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10 Things My Blog Taught Me

10 Things My Blog Taught Me

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Published by JM Murray
When I started my blog three years and 586 posts ago, I wasn’t sure where to take it. I knew I wanted to connect with other writers so I used that as the theme. Now, thanks to the 430,000+ people who have visited, I know much more about the ‘why’. Yes, it’s about getting to know kindred souls, but there is so much more I’ve gotten from blogging. Like these:
When I started my blog three years and 586 posts ago, I wasn’t sure where to take it. I knew I wanted to connect with other writers so I used that as the theme. Now, thanks to the 430,000+ people who have visited, I know much more about the ‘why’. Yes, it’s about getting to know kindred souls, but there is so much more I’ve gotten from blogging. Like these:

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Published by: JM Murray on May 12, 2012
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11/24/2012

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10 Things My Blog Taught Me
By Jacqui Murray
When I started my blog three years and 586
 posts ago, I wasn’t sure where to take it. I
knew I wanted to connect with other writersso I used that as the theme. Now, thanks tothe 430,000+ people who have visited, Iknow much
more about the ‘why’. Yes, it’s
about getting to know kindred souls, but
there is so much more I’ve gotten from
blogging. Like these:
How to write
 We bloggers divide ourselves into twocategories: 1) those who write short, under-1000-word posts and 2) those who write in-
depth, lengthy articles. I’ve chosen the former. I like
pithy ideas that readers can consume in the time it takes to drink a cup of coffee. As a result,
I’ve learned to be frugal with my words. I choose verbiage that conveys more than one
-words-worth of information and I leave tangential issues for another post. Because I realize readers areconsuming on the run, I make sure to be clear
 – 
no misplaced pronouns or fuzzy concepts like
‘thing’ or ‘something’.
 
Prove my point
 This part of writing transcends what print journalists and novel writers must do. Yes, they do it,but my readers expect me to support ideas with links t
o sources. If I’m reviewing a book, I caneasily link to the author’s website for deeper reading. That’s something that can’t happen in
paper writing. Sure, they can provide the link, but to put the paper down, open the laptop, copythat link 
 – 
I mean, who d
oes that? In a blog, I get annoyed if someone cites research and doesn’t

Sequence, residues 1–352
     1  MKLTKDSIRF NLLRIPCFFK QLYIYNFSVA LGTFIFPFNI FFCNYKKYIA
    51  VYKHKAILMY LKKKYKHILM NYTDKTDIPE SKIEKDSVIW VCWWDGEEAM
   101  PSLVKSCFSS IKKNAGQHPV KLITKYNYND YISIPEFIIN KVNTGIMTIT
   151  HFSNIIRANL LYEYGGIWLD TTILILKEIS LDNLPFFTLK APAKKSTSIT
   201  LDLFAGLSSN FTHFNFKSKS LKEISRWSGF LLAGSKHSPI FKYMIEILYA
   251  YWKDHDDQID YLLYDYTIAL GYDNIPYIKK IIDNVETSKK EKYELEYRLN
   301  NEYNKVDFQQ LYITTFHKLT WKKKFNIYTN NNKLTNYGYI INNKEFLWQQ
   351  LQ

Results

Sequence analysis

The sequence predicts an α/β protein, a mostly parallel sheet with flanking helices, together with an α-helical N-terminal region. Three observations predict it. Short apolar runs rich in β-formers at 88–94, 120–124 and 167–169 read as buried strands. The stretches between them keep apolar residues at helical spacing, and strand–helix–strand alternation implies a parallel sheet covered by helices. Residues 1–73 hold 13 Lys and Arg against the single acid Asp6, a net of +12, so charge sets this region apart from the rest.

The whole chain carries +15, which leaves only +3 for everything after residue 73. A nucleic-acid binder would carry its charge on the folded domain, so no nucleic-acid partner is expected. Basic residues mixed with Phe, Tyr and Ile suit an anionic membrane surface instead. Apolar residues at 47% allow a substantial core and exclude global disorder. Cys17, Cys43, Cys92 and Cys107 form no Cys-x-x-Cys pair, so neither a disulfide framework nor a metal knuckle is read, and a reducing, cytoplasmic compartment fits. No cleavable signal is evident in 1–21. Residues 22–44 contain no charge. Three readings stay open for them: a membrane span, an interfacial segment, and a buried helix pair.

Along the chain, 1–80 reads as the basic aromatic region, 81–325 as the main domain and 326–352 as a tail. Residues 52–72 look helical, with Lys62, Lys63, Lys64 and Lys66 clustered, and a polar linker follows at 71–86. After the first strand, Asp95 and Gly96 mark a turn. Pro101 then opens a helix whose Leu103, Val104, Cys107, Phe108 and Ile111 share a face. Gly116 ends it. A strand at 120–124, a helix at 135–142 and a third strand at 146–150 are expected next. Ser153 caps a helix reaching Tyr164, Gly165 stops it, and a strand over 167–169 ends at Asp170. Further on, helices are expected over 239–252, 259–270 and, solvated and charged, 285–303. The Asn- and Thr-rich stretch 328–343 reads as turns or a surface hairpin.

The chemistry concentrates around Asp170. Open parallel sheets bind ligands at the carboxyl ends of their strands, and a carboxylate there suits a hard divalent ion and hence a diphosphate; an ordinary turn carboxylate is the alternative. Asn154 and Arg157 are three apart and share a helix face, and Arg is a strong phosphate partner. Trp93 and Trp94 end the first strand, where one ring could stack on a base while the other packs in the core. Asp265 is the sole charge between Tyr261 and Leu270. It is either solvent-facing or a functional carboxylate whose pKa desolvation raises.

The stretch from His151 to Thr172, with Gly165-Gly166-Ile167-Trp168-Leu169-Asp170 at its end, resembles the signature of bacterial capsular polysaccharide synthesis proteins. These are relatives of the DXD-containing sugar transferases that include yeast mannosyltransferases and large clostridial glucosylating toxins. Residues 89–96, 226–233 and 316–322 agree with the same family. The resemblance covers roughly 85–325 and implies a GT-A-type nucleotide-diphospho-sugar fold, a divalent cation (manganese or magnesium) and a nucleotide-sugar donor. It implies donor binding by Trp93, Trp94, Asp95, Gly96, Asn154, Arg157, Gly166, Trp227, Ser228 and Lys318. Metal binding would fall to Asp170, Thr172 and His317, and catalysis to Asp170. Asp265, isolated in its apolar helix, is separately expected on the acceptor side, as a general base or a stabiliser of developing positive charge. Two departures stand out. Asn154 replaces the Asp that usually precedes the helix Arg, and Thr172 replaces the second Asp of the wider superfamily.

provide the link.
What my voice was
 I write thrillers. To pen a good thriller, you have to do what James Frey suggested in hisexemplary guideline for thriller writers, including:  1.
 
Have no bland, colorless characters2.
 
Have a hook at the end of each chapter3.
 
Be fresh in your writing4.
 
Keep the clock ticking and the excitement mountingFor me, that means keep my writing relevant and engaging with hooks that make readers comeback for more. Literary fiction writers do it differently. My blog approach matches my novels.
 
How to work through the dry times
 
I rarely have writer’s block, but when I do, I jump into the blogosphere and see what my
colleagues are writing. In my novel, I discovered that researching would water down the dryspells. The same thing works for blogging.
How to persevere
 Three years of 
 blogging and I’m still waiting to make it big. What’s that mean to me? I want that
knock on my virtual door from
 or 
 asking me to come on board as a paid
house blogger. Truth, that probably won’t happen and by now, I wouldn’t know what to do if I
stopped personal blogging.
How to market my writing
 I try lots of ideas to market my writing, but thanks to the blogosphere, I know what everyone elseis doing. I can try as much or little of it as I want. For me, I found a comfortable baseline and add
a few pieces every year (this year, it’s Pinterest).
 One point worth mentioning is headlines. Usually, all you get from a reader is seven seconds
 – 
long enough to read
the title, maybe the first line. If that title doesn’t seem personal and relevant,
potential readers move on. There are over450 million English language blogs.Tha
t’s a lot of 
competition. I better hit a home run with that title.
There are lots of opinions out there
 
Often, I share my thoughts on the pedagogy of writing. Sometimes, I’m surprised at comments Iget. They might touch a corner of the idea I hadn’t though
t of or be 180 degrees from my
conclusions. It forces me to think bigger as I write, consider how people who aren’t me will readmy words. That’s both humbling and empowering. I think I’m much better at that than I used to
be.
There are a lot of smart people in the world
 In a previous lifetime when I built child care centers for a living, I read lots of data that saidpeople thought the education system was broken
 – 
but not in their area. They consideredthemselves lucky because their schools worked. Well, as I meandered through life, I realized that
applies to everything. People are happy with what they’re comfortable with andfrightened/suspicious of what they aren’t used to. Through blogging, I get to delve into those
ideas with
them because we feel like friends. I’ve found that lots of people are smart, intuitive,engaged in life, looking to improve the world. I’m glad I learned that.
 
How to be responsible
 Yes, blogging is demanding. I have to follow through on promises made in my blog profile and
 posts. When I say I’ll offer writing advice weekly, I have to even if I’m tired or busy with other 

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